Can't Wait Wednesday: The Wedding Veil

Can't Wait Wednesday is hosted by Wishful Endings and helps us spotlight upcoming releases we're eagerly anticipating!

 

The Wedding Veil by Kristy Woodson Harvey

Pub. Date: March 29, 2022





Goodreads says, "Four women. One family heirloom. A secret connection that will change their lives—and history as they know it.   Present Day: Julia Baxter’s wedding veil, bequeathed to her great-grandmother by a mysterious woman on a train in the 1930s, has passed through generations of her family as a symbol of a happy marriage. But on the morning of her wedding day, something tells her that even the veil’s good luck isn’t enough to make her marriage last forever. Overwhelmed and panicked, she escapes to the Virgin Islands to clear her head. Meanwhile, her grandmother Babs is also feeling shaken. Still grieving the death of her beloved husband, she decides to move out of the house they once shared and into a retirement community. Though she hopes it’s a new beginning, she does not expect to run into an old flame, dredging up the same complicated emotions she felt a lifetime ago. 1914: Socialite Edith Vanderbilt is struggling to manage the luxurious Biltmore Estate after the untimely death of her cherished husband. With 250 rooms to oversee and an entire village dependent on her family to stay afloat, Edith is determined to uphold the Vanderbilt legacy—and prepare her free-spirited daughter Cornelia to inherit it—in spite of her family’s deteriorating financial situation. But Cornelia has dreams of her own. Asheville, North Carolina has always been her safe haven away from the prying eyes of the press, but as she explores more of the rapidly changing world around her, she’s torn between upholding tradition and pursuing the exciting future that lies beyond Biltmore’s gilded gates. In the vein of Therese Anne Fowler’s A Well-Behaved Woman and Jennifer Robson’s The Gown, The Wedding Veil brings to vivid life a group of remarkable women forging their own paths—and explores the mystery of a national heirloom lost to time."

 

I am a big fan of Kristy Woodson Harvey's novels, so this one is a must-read for me. What do you guys think? 

 

Tuesday, September 14, 2021

Book Review: We Are the Brennans by Tracey Lange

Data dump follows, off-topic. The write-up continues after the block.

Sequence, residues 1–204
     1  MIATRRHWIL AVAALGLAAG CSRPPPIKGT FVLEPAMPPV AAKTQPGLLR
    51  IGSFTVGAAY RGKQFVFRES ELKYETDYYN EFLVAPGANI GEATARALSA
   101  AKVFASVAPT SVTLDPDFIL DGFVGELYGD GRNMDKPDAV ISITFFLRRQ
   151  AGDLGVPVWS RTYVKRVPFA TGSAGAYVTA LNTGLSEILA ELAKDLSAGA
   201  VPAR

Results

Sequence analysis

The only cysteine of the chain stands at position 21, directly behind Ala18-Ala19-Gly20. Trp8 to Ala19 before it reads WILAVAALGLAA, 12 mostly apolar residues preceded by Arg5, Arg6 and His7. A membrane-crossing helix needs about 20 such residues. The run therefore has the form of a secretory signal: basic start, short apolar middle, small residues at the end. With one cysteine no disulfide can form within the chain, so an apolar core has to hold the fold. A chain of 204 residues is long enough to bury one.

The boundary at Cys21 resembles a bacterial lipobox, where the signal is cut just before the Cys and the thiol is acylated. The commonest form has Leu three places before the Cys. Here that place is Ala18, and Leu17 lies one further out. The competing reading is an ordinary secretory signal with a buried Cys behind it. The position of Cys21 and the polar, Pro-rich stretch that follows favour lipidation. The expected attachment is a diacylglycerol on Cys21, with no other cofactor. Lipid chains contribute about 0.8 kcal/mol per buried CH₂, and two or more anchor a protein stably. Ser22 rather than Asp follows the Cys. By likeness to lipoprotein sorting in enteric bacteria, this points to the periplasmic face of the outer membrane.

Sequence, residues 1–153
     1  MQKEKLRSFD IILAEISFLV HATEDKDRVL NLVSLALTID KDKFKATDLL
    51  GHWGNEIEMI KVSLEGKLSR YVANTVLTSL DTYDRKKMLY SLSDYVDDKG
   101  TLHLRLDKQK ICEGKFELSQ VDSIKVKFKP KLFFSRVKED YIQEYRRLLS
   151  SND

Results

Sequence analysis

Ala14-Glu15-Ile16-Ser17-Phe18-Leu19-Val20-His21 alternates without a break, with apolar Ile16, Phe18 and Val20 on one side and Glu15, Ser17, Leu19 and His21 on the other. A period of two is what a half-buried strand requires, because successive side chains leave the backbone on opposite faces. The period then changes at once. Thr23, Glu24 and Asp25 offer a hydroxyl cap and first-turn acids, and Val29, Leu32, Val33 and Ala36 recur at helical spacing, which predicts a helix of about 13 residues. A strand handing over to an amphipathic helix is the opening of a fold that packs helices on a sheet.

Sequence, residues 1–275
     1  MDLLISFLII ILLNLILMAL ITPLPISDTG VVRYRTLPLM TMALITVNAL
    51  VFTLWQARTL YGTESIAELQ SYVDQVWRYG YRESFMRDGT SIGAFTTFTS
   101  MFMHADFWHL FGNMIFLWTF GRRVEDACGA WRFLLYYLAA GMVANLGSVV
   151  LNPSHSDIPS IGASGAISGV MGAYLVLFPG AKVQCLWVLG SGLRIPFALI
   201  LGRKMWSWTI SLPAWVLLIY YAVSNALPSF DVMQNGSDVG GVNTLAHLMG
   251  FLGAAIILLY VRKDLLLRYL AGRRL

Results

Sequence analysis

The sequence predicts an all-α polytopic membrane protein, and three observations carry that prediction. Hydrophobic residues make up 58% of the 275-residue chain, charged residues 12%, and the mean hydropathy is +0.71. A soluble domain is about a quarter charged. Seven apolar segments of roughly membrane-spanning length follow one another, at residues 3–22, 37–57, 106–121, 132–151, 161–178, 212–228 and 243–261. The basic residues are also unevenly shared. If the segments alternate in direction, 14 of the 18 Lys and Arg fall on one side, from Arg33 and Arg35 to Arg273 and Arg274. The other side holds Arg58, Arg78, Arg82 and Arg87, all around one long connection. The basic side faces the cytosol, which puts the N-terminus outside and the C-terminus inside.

Pages: 288
Genre: Adult Fiction
Pub. Date: August 3, 2021
Publisher: Celadon
Source: Personal Copy
My Rating: 4.5 out of 5 stars 
 
 

Goodreads says, "When twenty-nine-year-old Sunday Brennan wakes up in a Los Angeles hospital, bruised and battered after a drunk driving accident she caused, she swallows her pride and goes home to her family in New York. But it's not easy. She deserted them all—and her high school sweetheart—five years before with little explanation, and they've got questions.   Sunday is determined to rebuild her life back on the east coast, even if it does mean tiptoeing around resentful brothers and an ex-fiancĂ©. The longer she stays, however, the more she realizes they need her just as much as she needs them. When a dangerous man from her past brings her family's pub business to the brink of financial ruin, the only way to protect them is to upend all their secrets—secrets that have damaged the family for generations and will threaten everything they know about their lives. In the aftermath, the Brennan family is forced to confront painful mistakes—and ultimately find a way forward, together."

 

Sunday Brennan left her home in New York years ago. She was running from her past along with her boisterous Irish Catholic family; she was determined to not face it and leave it behind.  The Brennan family are a town staple; they own the local pub, the patriarch is a well known contractor, and everyone knows the Brennan kids, especially former sports star, Denny. From the outside, it appears to the community that the Brennans have it all. A successful family business, a booming Irish pub, a loving family, and a beautiful home.  However, when you examine the family closer, things aren't as they appear.  Sunday, the only female Brennan offspring, never got over something from her past and ran to Los Angeles under the guise of a job opportunity. This took everyone by surprise, especially her longtime boyfriend-turned fiance, Kale.  Kale isn't just some boyfriend though. He grew up with the Brennans; he is practically a Brennan himself and even has a place at the dining room table.  He and Sunday had plans to marry one day and to this day, he doesn't understand why she up and left him without even so much as an explanation.  However, one fateful night, Sunday finds herself in a drunk driving accident in Los Angeles and her emergency contact is her older brother, Denny. After he comes out to help her, he convinces her to move back home for a bit. Once Sunday does, she she knows she has to face all the secrets she has been hiding for years and eventually face Kale, who still holds her heart.  We Are the Brennans by Tracey Lange is such a moving debut. I absolutely loved the characters and was completely invested in this family saga. It's one of my favorite books of the year!